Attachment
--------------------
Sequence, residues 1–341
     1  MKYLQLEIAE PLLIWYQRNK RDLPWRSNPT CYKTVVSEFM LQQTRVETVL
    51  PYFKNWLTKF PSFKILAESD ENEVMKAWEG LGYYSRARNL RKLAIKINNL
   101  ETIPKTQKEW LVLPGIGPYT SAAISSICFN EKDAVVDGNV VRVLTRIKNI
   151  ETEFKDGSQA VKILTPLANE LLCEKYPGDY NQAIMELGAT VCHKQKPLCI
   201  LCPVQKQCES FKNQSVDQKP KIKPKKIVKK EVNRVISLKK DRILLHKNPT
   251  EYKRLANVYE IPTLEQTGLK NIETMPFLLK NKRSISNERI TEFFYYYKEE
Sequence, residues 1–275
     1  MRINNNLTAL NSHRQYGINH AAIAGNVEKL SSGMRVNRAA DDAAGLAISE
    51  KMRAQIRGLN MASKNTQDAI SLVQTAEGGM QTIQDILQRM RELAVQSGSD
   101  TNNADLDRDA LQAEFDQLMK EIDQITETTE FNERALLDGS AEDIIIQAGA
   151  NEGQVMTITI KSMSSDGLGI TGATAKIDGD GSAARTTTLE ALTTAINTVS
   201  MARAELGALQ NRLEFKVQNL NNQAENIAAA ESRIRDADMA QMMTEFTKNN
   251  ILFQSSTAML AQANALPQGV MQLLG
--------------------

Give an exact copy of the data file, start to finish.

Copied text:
Sequence, residues 1–341
     1  MKYLQLEIAE PLLIWYQRNK RDLPWRSNPT CYKTVVSEFM LQQTRVETVL
    51  PYFKNWLTKF PSFKILAESD ENEVMKAWEG LGYYSRARNL RKLAIKINNL
   101  ETIPKTQKEW LVLPGIGPYT SAAISSICFN EKDAVVDGNV VRVLTRIKNI
   151  ETEFKDGSQA VKILTPLANE LLCEKYPGDY NQAIMELGAT VCHKQKPLCI
   201  LCPVQKQCES FKNQSVDQKP KIKPKKIVKK EVNRVISLKK DRILLHKNPT
   251  EYKRLANVYE IPTLEQTGLK NIETMPFLLK NKRSISNERI TEFFYYYKEE
Sequence, residues 1–275
     1  MRINNNLTAL NSHRQYGINH AAIAGNVEKL SSGMRVNRAA DDAAGLAISE
    51  KMRAQIRGLN MASKNTQDAI SLVQTAEGGM QTIQDILQRM RELAVQSGSD
   101  TNNADLDRDA LQAEFDQLMK EIDQITETTE FNERALLDGS AEDIIIQAGA
   151  NEGQVMTITI KSMSSDGLGI TGATAKIDGD GSAARTTTLE ALTTAINTVS
   201  MARAELGALQ NRLEFKVQNL NNQAENIAAA ESRIRDADMA QMMTEFTKNN
   251  ILFQSSTAML AQANALPQGV MQLLG